Just how far he had come from a doctor’s traditional upper-middle-class expectations struck home at the 20th reunion of his college class. By then he was working for Merrill Lynch and soon would become a managing director of health care investment banking.

“There were doctors at the reunion — very, very smart people,” Dr. Glassman recalled in a recent interview. “They went to the top programs, they remained true to their ethics and really had very pure goals. And then they went to the 20th-year reunion and saw that somebody else who was 10 times less smart was making much more money.”

The opportunity to become abundantly rich is a recent phenomenon not only in medicine, but in a growing number of other professions and occupations. In each case, the great majority still earn fairly uniform six-figure incomes, usually less than $400,000 a year, government data show. But starting in the 1990s, a significant number began to earn much more, creating a two-tier income stratum within such occupations.

The divide has emerged as people like Dr. Glassman, who is 45, latched onto opportunities within their fields that offered significantly higher incomes. Some lawyers and bankers, for example, collect much larger fees than others in their fields for their work on business deals and cases.

Others have moved to different, higher-paying fields — from academia to Wall Street, for example — and a growing number of entrepreneurs have seen windfalls tied largely to expanding financial markets, which draw on capital from around the world. The latter phenomenon has allowed, say, the owner of a small mail-order business to sell his enterprise for tens of millions instead of the hundreds of thousands that such a sale might have brought 15 years ago.

Three decades ago, compensation among occupations differed far less than it does today. That growing difference is diverting people from some critical fields, experts say. The American Bar Foundation, a research group, has found in its surveys, for instance, that fewer law school graduates are going into public-interest law or government jobs and filling all the openings is becoming harder.

Something similar is happening in academia, where newly minted Ph.D.’s migrate from teaching or research to more lucrative fields. Similarly, many business school graduates shun careers as experts in, say, manufacturing or consumer products for much higher pay on Wall Street.

And in medicine, where some specialties now pay far more than others, young doctors often bypass the lower-paying fields. The Medical Group Management Association, for example, says the nation lacks enough doctors in family practice, where the median income last year was $161,000.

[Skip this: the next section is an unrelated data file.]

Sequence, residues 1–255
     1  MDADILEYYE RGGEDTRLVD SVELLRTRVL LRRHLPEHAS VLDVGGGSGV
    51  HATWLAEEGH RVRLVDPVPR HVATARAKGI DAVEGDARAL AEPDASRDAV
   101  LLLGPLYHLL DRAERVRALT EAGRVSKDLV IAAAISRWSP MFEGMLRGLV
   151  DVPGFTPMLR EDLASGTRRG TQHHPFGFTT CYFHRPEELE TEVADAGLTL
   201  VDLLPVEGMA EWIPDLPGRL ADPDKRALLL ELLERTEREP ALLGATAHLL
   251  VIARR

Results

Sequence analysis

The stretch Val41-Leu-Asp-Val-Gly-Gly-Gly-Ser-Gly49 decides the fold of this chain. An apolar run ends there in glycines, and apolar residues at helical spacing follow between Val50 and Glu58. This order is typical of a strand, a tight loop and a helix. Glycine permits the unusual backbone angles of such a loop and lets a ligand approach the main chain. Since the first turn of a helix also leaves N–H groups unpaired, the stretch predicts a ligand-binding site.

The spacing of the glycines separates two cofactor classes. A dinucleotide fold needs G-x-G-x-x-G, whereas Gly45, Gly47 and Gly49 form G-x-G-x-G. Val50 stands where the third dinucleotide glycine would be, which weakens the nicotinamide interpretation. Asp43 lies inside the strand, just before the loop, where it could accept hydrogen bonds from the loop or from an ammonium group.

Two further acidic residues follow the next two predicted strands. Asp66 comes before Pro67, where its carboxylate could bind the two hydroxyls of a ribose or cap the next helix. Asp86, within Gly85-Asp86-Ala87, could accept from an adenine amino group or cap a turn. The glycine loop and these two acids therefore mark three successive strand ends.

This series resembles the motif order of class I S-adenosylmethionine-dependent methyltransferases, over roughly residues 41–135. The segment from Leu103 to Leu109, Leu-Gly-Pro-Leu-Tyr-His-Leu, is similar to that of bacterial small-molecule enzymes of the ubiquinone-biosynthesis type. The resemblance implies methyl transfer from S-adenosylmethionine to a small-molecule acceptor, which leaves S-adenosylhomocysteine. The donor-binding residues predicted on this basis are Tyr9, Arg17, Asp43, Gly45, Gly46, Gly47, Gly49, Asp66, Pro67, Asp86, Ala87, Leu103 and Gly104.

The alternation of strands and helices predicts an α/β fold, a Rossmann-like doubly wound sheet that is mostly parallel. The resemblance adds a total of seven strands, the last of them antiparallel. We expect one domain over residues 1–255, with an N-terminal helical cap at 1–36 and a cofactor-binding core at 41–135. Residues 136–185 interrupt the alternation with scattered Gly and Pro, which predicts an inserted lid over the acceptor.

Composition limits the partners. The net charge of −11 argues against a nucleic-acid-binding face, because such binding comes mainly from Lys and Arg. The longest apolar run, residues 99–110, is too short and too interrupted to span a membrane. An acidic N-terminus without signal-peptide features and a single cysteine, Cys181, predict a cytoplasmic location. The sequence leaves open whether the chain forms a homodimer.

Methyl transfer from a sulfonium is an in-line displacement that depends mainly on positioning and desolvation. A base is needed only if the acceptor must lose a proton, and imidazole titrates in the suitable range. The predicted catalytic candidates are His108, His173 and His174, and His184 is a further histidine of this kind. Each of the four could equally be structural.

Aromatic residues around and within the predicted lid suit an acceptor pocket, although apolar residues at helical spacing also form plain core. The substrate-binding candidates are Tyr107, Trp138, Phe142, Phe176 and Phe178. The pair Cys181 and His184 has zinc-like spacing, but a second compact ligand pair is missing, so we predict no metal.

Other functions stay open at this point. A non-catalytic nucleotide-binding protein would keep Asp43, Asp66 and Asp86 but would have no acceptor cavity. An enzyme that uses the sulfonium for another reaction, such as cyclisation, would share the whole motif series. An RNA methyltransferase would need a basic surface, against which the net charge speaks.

“The bigger the prize, the greater the effort that people are making to get it,” said Edward N. Wolff, a New York University economist who studies income and wealth. “That effort is draining people away from more useful work.”

What kind of work is most useful is a matter of opinion, of course, but there is no doubt that a new group of the very rich have risen today far above their merely affluent colleagues.


Turning to Philanthropy

One in every 825 households earned at least $2 million last year, nearly double the percentage in 1989, adjusted for inflation, Mr. Wolff found in an analysis of government data. When it comes to wealth, one in every 325 households had a net worth of $10 million or more in 2004, the latest year for which data is available, more than four times as many as in 1989.

As some have grown enormously rich, they are turning to philanthropy in a competition that is well beyond the means of their less wealthy peers. “The ones with $100 million are setting the standard for their own circles, but no longer for me,” said Robert Frank, a Cornell University economist who described the early stages of the phenomenon in a 1995 book, “The Winner-Take-All Society,” which he co-authored.

Fighting AIDS and poverty in Africa are favorite causes, and so is financing education, particularly at one’s alma mater.

“It is astonishing how many gifts of $100 million have been made in the last year,” said Inge Reichenbach, vice president for development at Yale University, which like other schools tracks the net worth of its alumni and assiduously pursues the richest among them.

Dr. Glassman hopes to enter this circle someday. At 35, he was making $150,000 in 1996 (about $190,000 in today’s dollars) as a hematology-oncology specialist. That’s when, recently married and with virtually no savings, he made the switch that brought him to management consulting.

He won’t say just how much he earns now on Wall Street or his current net worth. But compensation experts, among them Johnson Associates, say the annual income of those in his position is easily in the seven figures and net worth often rises to more than $20 million.

“He is on his way,” said Alan Johnson, managing director of the firm, speaking of people on career tracks similar to Dr. Glassman’s. “He is destined to riches.”

Indeed, doctors have become so interested in the business side of medicine that more than 40 medical schools have added, over the last 20 years, an optional fifth year of schooling for those who want to earn an M.B.A. degree as well as an M.D. Some go directly to Wall Street or into health care management without ever practicing medicine.